This could be prompted by a question along the lines of ‘what’s going on in this painting’ or a movement activity that asks students to take the pose of a character in a painting and infer how the character feels, using evidence from the artwork to support their ideas. At this point, you will introduce relevant contextual information about the work of art. Once students have absorbed this information, the conversation builds to the interpretation phase, where students synthesize this new information with their previous ideas about the work of art.
Interpretation can involve a big question such as ‘what do you think is the message of this work of art?’ or an art-making activity that asks students to express the meaning of the artwork in a creative way.
5. Expand learning beyond the classroom
Whenever possible, bring students to a museum or gallery to explore works of art in person. These kinds of experiences yield powerful results for student learning (Greene, Kisida & Bowen, 2014), and seeing a work of art in person is a vastly different experience than viewing it on a screen. Reach out to the museum’s education department before you visit; they exist to support teachers and students and offer a wealth of resources to support your teaching. If museums and art galleries are not abundant where you teach, seek out local artists. They can be a rich source of information for your students and are often happy to take time to speak with young people about their work.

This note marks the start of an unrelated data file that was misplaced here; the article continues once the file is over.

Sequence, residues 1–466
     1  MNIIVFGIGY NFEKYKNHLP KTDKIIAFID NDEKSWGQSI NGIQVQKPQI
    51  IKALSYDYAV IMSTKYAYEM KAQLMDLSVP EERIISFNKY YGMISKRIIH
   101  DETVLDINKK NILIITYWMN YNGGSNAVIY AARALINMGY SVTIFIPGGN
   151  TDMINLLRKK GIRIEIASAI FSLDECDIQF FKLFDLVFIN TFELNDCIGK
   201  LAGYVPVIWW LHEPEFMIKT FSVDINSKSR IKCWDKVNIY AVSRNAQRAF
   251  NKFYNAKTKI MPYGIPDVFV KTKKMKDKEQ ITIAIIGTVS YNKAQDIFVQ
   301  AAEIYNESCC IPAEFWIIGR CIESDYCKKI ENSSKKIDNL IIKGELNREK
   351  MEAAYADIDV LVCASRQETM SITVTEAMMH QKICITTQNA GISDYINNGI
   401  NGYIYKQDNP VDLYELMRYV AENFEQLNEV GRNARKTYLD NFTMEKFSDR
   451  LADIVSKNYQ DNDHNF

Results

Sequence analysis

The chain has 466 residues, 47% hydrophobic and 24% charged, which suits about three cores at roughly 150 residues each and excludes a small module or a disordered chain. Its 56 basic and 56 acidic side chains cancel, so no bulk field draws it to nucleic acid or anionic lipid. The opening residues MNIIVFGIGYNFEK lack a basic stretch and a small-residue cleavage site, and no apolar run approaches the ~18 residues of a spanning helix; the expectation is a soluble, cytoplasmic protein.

Finally, a word of encouragement: if you are new to art, don’t be intimidated! Use art inquiry as an opportunity to model creative risk-taking with your students. You will be rewarded with the gift of seeing works of art, and your students, with fresh eyes.
Nicola is the author of The More We Look, the Deeper It Gets: Transforming the Curriculum through Art.
*previously published at TeachThought.com